Now that I’m paddling at the edge of the inter-disciplinarity ocean – dangerous waters – I read – on the recommendation of esteemed colleagues – Metaphors We Live By (1980) by George Lakoff and Mark Johnson. I gather it has been highly influential, and it was indeed stimulating read. However, I struggled with parts of the argument, which started brilliantly: we use metaphors, often informed by our bodies, in language and thought. ‘Up’ and ‘forward’ are powerful when incorporated in metaphors, because we stand up and walk forwards. I really enjoyed being prodded to think about the use of language and what it would mean to take metaphors seriously. Why does ‘ your argument has a solid structure’ work but ‘your argument is covered in gargoyles’ not? Why can we have raw facts and half baked ideas but not sautéed or poached data?
However, I struggled with the labelling of some ways of speaking as metaphors at all. I can see ‘argument as war’ is one. But is ‘inflation is an entity’? It’s an analytical construct for sure, but it isn’t exactly not a thing either. So is ‘inflation is lowering our standard of living’ really a metaphorical construction. Are ‘time is a resource’ and ‘labour is a resource’ metaphors at all? The further I got into the book, the less I was persuaded.
Evidently the book played into the objectivism vs relativism debate, and the authors sensibly accept that the ‘real world’ clearly constrains our conceptual system, although they are on the relativism end of the see-saw. As the title of chapter 27 puts it: “How metaphor reveals the limitations of the myth of objectivism.” They argue that the way we use language means objects (out there in the real world, as it were) are entities relative to our interaction with the world, and our projections onto it. Properties of objects are interactional rather than inherent, in their view. No doubt this is philosophically incoherent, but I’m not sure why there can’t be inherent properties as well as those we perceive through our interactions with the world and categorise, metaphorically or not.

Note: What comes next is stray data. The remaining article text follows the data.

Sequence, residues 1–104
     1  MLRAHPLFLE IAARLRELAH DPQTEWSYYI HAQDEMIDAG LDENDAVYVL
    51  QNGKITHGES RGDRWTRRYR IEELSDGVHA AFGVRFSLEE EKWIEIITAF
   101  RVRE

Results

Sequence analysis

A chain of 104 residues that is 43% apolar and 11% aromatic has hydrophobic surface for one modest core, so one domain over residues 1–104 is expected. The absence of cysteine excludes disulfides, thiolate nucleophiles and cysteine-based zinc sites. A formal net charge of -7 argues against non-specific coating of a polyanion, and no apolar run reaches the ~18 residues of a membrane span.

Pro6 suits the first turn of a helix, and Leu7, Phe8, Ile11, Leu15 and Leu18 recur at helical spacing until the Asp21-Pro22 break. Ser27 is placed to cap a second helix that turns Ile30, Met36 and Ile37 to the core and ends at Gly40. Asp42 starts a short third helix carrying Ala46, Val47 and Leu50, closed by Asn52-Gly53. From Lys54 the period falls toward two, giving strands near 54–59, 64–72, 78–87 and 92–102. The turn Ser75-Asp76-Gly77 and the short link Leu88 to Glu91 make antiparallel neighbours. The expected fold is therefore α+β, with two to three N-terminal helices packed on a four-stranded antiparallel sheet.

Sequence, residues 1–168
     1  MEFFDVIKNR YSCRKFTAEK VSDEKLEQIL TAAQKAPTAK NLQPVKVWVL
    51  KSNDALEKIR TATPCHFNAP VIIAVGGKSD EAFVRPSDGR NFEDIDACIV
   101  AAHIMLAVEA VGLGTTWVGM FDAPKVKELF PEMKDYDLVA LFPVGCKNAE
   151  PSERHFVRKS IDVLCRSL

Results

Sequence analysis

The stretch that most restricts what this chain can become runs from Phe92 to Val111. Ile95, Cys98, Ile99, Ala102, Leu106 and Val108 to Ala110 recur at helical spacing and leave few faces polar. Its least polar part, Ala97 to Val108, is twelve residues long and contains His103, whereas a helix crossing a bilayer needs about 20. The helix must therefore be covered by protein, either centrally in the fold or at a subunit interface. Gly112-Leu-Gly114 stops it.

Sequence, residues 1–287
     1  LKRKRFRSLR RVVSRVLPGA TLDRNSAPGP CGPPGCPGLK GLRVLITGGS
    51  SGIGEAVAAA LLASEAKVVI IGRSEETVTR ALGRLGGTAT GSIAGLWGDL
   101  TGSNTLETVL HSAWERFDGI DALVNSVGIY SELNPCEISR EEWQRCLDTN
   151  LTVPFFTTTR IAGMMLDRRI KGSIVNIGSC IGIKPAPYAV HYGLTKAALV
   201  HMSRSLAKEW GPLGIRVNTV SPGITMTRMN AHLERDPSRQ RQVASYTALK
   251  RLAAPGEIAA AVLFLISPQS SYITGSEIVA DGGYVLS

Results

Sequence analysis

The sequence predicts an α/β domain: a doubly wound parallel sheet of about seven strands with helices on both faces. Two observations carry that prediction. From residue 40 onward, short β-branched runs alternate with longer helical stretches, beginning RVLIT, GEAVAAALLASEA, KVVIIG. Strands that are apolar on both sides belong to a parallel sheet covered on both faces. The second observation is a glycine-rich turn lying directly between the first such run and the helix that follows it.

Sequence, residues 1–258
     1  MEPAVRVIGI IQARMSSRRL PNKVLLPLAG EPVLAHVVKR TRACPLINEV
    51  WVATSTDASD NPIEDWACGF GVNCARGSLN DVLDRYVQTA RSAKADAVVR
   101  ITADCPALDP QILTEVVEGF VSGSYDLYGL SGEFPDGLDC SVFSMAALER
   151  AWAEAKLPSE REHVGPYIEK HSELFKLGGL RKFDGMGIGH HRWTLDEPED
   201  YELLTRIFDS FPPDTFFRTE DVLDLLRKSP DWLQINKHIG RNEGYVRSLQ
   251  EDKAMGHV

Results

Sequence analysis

The book ends with a paragraph on economics which is half spot on: “Political and economic ideologies are framed in mataphorical terms. Like all other metaphors, political and economic metaphors can hide aspects of reality. But in the area of politics and economics, metaphors matter more because they constrain our lives.” I think Deirdre McCloskey (The Rhetoric of Economics) or Albert Hirschman (The Rhetoric of Reaction) would agree. However, this coda seems half gibberish too, at least to this literal-minded economist: why is ‘labour is a resource’ a metaphor because it fails (as a metaphor) to distinguish meaningful from meaningless labour?
Anyway, among other reading, Meetings with Remarkable Manuscripts by Christopher de Hamel is marvellous. I laughed and I cried (literally, not metaphorically). I only quite enjoyed Cees Nooteboom’s Roads to Santiago. I read Cass Sunstein’s latest, The Cost Benefit Revolution, out in September – when I’ll review it. I’m spoilt for choice for my next one, as the in-pile is teetering at the moment. When I’m super-busy, as these at months have been, acquiring a new book seems to be a purchase of the implicit time to read it. If only!
And the in-pile: